```

We can fit this data with a "smoothed broken power law", which combines two power laws with a smoothing parameter around the break point. One functional form of this is given by

$S(t) = F_{\rm peak} \left[ \left(\dfrac{t}{t_{\rm peak}}\right)^{-s\delta_1} + \left(\dfrac{t}{t_{\rm peak}}\right)^{-s\delta_2}\right]^{-1/s}$

Write a function smooth_broken_power_law() that outputs a smoothed broken power law that also scales based on frequency and spectral index

In [9]:

```
def smooth_broken_power_law(t, nu, F_peak, t_peak, delta_1, delta_2, alpha, log_s, nu0=3.0):
s = 10**log_s
return (nu/nu0)**alpha * F_peak * ((t/t_peak)**(-s*delta_1) + (t/t_peak)**(-s*delta_2))**(-1.0/s)
```

We now want to fit a smoothed broken power law to our data and see if there is evidence for a turnover in the radio lightcurve. In our paper we do this via a parameter grid-search to minimise $\chi^2$.

Here we will perform an MCMC fit using the emcee package, to determine lightcurve parameters and the spectral index of the source. First you will need to write 3 functions that define your Probability, Prior and Likelihood.

We will use a uniform prior with $\delta_1>0$ (since we require the lightcurve to initially rise), $0<t_{\rm peak}<300$ (since our data only covers the period up to 200 days) and $s<100$. The parameters will be passed to the function via a tuple.

In [10]:

```
def lnprior(theta):
F_peak, t_peak, delta_1, delta_2, alpha, log_s = theta
if 0.0 < t_peak < 300.0 and delta_1 > 0.0 and log_s < 3:
return 0.0
else:
return -np.inf
```

In [11]:

```
def lnlike(theta, t, nu, S, S_err):
F_peak, t_peak, delta_1, delta_2, alpha, log_s = theta
model = smooth_broken_power_law(t, nu, F_peak, t_peak, delta_1, delta_2, alpha, log_s)
inv_sigma2 = 1.0/S_err**2
return -0.5*(np.sum((S-model)**2*inv_sigma2 - np.log(inv_sigma2)))
```

In [12]:

```
def lnprob(theta, t, nu, S, S_err):
lp = lnprior(theta)
if not np.isfinite(lp):
return -np.inf
return lp + lnlike(theta, t, nu, S, S_err)
```

We will now fit the data using the emcee package. The function get_starting_pos() provided below will set up an array of walker starting positions for given lightcurve parameters. Examine the lightcurve and estimate some reasonable values for these parameters and add them to the function.

Now write a function called run_mcmc() that will load the observed data, take the starting position and then run the emcee Ensemple Sampler. Use a small number of iterations and walkers initially (100/20) to see how long the code takes to run on your laptop. Then increase both parameters to a larger number so that the algorithm takes ~90 seconds to run.

In [13]:

```
def get_starting_pos(nwalkers, ndim=6):
F_peak = 110
t_peak = 150
delta_1 = 0.8
delta_2 = -2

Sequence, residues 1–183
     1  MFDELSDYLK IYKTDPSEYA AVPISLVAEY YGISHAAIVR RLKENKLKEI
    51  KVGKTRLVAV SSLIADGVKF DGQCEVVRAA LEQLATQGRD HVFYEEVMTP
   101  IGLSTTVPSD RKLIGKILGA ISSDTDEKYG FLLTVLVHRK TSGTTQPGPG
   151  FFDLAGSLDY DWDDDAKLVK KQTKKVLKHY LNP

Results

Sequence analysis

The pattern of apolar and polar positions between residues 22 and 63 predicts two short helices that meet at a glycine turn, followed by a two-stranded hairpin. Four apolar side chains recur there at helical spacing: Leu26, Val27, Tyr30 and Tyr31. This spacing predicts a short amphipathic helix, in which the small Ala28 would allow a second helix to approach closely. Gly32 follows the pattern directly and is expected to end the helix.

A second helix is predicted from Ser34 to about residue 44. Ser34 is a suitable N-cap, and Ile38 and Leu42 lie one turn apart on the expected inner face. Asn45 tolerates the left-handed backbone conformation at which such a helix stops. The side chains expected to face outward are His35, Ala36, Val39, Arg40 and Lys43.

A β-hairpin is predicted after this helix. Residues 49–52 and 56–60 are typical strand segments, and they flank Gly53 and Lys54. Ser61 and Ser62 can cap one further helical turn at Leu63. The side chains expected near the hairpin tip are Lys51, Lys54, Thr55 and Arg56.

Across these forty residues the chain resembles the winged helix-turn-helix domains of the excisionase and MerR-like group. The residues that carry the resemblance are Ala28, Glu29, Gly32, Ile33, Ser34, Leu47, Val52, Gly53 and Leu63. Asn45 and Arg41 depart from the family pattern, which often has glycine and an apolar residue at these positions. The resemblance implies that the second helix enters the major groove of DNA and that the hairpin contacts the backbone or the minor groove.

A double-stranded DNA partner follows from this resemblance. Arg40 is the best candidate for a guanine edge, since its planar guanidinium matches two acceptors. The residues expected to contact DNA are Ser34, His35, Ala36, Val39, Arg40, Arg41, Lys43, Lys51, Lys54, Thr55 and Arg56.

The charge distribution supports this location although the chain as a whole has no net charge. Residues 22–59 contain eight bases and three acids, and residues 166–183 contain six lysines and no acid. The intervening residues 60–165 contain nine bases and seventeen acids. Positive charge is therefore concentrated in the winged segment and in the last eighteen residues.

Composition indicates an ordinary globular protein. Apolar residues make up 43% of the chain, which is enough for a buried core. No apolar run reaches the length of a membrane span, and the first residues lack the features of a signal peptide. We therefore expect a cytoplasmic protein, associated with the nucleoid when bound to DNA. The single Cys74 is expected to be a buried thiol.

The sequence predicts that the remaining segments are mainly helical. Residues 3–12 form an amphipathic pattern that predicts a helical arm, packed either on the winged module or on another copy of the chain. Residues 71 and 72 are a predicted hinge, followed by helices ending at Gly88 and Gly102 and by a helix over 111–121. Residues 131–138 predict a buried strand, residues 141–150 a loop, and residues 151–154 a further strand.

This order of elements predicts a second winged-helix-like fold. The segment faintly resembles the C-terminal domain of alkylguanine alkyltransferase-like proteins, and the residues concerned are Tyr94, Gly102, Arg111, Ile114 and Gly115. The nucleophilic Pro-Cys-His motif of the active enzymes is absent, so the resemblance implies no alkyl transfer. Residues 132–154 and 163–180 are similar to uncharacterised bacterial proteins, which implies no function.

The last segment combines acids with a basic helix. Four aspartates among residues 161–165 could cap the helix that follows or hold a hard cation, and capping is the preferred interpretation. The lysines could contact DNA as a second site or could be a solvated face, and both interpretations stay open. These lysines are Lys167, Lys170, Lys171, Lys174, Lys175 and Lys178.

alpha = -0.6
log_s = 1
pos = [np.asarray([F_peak, t_peak, delta_1, delta_2, alpha, log_s]) + 1e-4*np.random.randn(ndim) for i in range(nwalkers)]
return pos
```

In [14]:

```
def run_mcmc(data, niters=1000, nthreads=1, nwalkers=200, ndim=6):
t = data['delta_t']
nu = data['frequency']
S = data['flux']
S_err = data['rms']
pos = get_starting_pos(nwalkers, ndim=ndim)
sampler = emcee.EnsembleSampler(nwalkers, ndim, lnprob, args=(t, nu, S, S_err),threads=nthreads)
start = timer()
sampler.run_mcmc(pos, niters)
end = timer()
print("Computation time: %f s"%(end-start))
return sampler
```

We now want to inspect our chain to see if our algorithm has converged to a reasonable solution. First, extract the chain from the sampler, and then write a function to make a figure showing how each walker moves around the parameter space. Your figure should have 6 subplots (1 for each dimension), iteration number on the x-axis and parameter value on the y-axis.

MCMC algorithms typically use a burn-in phase, where the sampler is moving towards the optimum solution and not yet accurately sampling the parameter space. Add a parameter chain_cut to your function that plots a vertical line at the end of the burn-in.

In [15]:

```
sampler = run_mcmc(tdata)
chain = sampler.chain
```

/home/growth/miniconda3/lib/python3.7/site-packages/ipykernel_launcher.py:4: RuntimeWarning: overflow encountered in power after removing the cwd from sys.path. /home/growth/miniconda3/lib/python3.7/site-packages/ipykernel_launcher.py:4: RuntimeWarning: divide by zero encountered in power after removing the cwd from sys.path.

Computation time: 68.812542 s

In [16]:

```
def make_chain_plot(chain, chain_cut):
niters = chain.shape[1]
ndim = chain.shape[2]
fig, axes = plt.subplots(ndim,1,sharex=True)
fig.set_size_inches(7, 20)
param_names = ['$F_{{\\rm peak}, 3\.{\\rm GHz}}$', '$t_{{\\rm peak}}$','$\\delta_1$','$\\delta_2$', '$\\alpha$', '$\\log_{10}(s)$']
for i, (ax,param_name) in enumerate(zip(axes,param_names)):
ax.plot(chain[:,:,i].T,linestyle='-',color='k',alpha=0.3)
ax.set_ylabel(param_name)
ax.set_xlim(0,niters)
ax.axvline(chain_cut,c='r',linestyle='--')
chain_cut = 200
make_chain_plot(chain, chain_cut)
```

In [17]:

```
good_chain = chain[:, chain_cut:, :]
```

In [18]:

```
def make_corner_plot(good_chain, savefile='corner.png'):
param_names = ['$F_{{\\rm peak}, 3\.{\\rm GHz}}$', '$t_{{\\rm peak}}$','$\\delta_1$','$\\delta_2$', '$\\alpha$', '$\\log_{10}(s)$']
ndim = good_chain.shape[2]
fig = corner.corner(good_chain.reshape((-1, ndim)), labels=param_names, quantiles=[0.16, 0.5, 0.84], show_titles=True)
plt.savefig(savefile)
make_corner_plot(good_chain)
```